Overall, these results suggest that increased attention to young adults and males in urban areas, as well as older adults, around substance use, especially alcohol, may help to reduce rates of substance use disorders. Alcohol use disorders increased with age while opioid use disorders peaked in the mid-twenties. Intervention with primary care providers may increase the likelihood that once identified, substance use disorders receive follow-up in the short term, perhaps including referral for treatment, if this is needed.
Availability of data and materials
The datasets generated and/or analyzed during the current study are not publicly available since they were generated from proprietary data.
Screening, Brief Intervention and Referral for Treatment
- SUD sample:
Substance Use Disorder sample
- SUC sample:
Substance Use Condition sample
Medically Assisted Treatment
International Classification of Diseases, 10th Edition
- MH condition:
Mental Health Condition
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Ethics approval and consent to participate
This study was granted an exemption from requiring ethics approval by the University at Buffalo Institutional Review Board (Study # 00002540). Since this study involved only analyses of existing claims data as part of a consulting engagement with a health insurance company, it was not considered necessary by the University at Buffalo Institutional Review Board to obtain verbal or written informed consent from the members.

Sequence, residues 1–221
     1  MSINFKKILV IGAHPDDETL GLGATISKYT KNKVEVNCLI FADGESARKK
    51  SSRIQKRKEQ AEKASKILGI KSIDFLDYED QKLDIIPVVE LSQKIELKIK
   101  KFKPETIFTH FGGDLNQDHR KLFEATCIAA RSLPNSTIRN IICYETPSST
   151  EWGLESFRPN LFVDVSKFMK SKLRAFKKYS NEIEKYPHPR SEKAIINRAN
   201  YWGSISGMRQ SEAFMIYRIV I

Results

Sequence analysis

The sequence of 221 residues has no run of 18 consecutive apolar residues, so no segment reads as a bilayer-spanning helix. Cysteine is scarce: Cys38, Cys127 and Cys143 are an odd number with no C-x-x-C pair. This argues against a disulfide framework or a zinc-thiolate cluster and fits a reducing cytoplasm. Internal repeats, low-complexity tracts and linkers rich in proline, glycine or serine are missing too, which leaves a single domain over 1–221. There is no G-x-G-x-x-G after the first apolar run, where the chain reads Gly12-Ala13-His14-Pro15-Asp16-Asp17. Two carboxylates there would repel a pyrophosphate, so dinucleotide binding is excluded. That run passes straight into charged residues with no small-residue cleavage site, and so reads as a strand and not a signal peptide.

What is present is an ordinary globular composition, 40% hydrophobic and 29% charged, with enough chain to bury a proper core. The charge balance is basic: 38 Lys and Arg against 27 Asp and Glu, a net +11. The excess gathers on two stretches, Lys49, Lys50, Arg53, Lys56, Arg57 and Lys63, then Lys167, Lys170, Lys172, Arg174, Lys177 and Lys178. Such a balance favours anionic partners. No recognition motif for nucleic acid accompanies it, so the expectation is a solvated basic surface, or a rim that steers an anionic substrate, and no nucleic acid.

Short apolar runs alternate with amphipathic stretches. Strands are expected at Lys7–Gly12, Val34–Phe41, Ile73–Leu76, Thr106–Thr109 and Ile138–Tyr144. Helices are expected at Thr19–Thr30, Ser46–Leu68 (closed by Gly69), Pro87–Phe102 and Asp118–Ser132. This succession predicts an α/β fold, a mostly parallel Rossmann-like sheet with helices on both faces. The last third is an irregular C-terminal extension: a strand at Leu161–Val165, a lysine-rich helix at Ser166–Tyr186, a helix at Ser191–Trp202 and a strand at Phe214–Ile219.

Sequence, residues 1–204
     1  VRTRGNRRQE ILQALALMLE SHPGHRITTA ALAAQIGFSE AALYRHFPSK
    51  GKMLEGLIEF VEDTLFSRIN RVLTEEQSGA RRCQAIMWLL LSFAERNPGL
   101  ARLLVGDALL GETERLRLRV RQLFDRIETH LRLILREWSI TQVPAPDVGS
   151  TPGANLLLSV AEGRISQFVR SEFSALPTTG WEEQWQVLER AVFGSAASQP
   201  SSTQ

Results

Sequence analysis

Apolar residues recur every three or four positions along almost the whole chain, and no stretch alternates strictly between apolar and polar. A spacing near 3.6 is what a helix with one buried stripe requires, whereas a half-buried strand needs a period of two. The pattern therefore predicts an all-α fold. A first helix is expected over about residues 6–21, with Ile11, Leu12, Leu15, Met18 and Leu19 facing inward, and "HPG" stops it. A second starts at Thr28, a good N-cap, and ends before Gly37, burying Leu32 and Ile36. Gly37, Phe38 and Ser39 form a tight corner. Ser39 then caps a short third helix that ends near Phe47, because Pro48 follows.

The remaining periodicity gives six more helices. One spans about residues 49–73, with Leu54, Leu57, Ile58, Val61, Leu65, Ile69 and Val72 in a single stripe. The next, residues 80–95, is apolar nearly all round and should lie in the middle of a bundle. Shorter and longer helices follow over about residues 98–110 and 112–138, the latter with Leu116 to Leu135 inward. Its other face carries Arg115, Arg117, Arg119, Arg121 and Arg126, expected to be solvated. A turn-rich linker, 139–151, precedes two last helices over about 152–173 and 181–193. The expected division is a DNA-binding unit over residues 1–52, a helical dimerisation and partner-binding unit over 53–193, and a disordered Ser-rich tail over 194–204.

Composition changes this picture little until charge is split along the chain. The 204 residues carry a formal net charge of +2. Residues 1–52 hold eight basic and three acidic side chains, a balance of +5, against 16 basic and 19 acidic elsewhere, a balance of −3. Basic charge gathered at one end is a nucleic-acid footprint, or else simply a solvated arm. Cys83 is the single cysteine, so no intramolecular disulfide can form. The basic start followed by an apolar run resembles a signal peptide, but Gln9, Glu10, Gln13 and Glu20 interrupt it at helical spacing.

Consent for publication
The first author received consultation fees and the other authors received salary from the health insurance company whose data were analyzed in the preparation of this manuscript.
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Baker, J.G., Doxbeck, D.R., Washington, M.E. et al. Substance use identification and follow-up rates among commercial and Medicare health insurance members in primary care and other settings. BMC Fam Pract 21, 223 (2020). https://doi.org/10.1186/s12875-020-01286-8
- Substance use
- Behavioral health
- Primary care
- Social determinants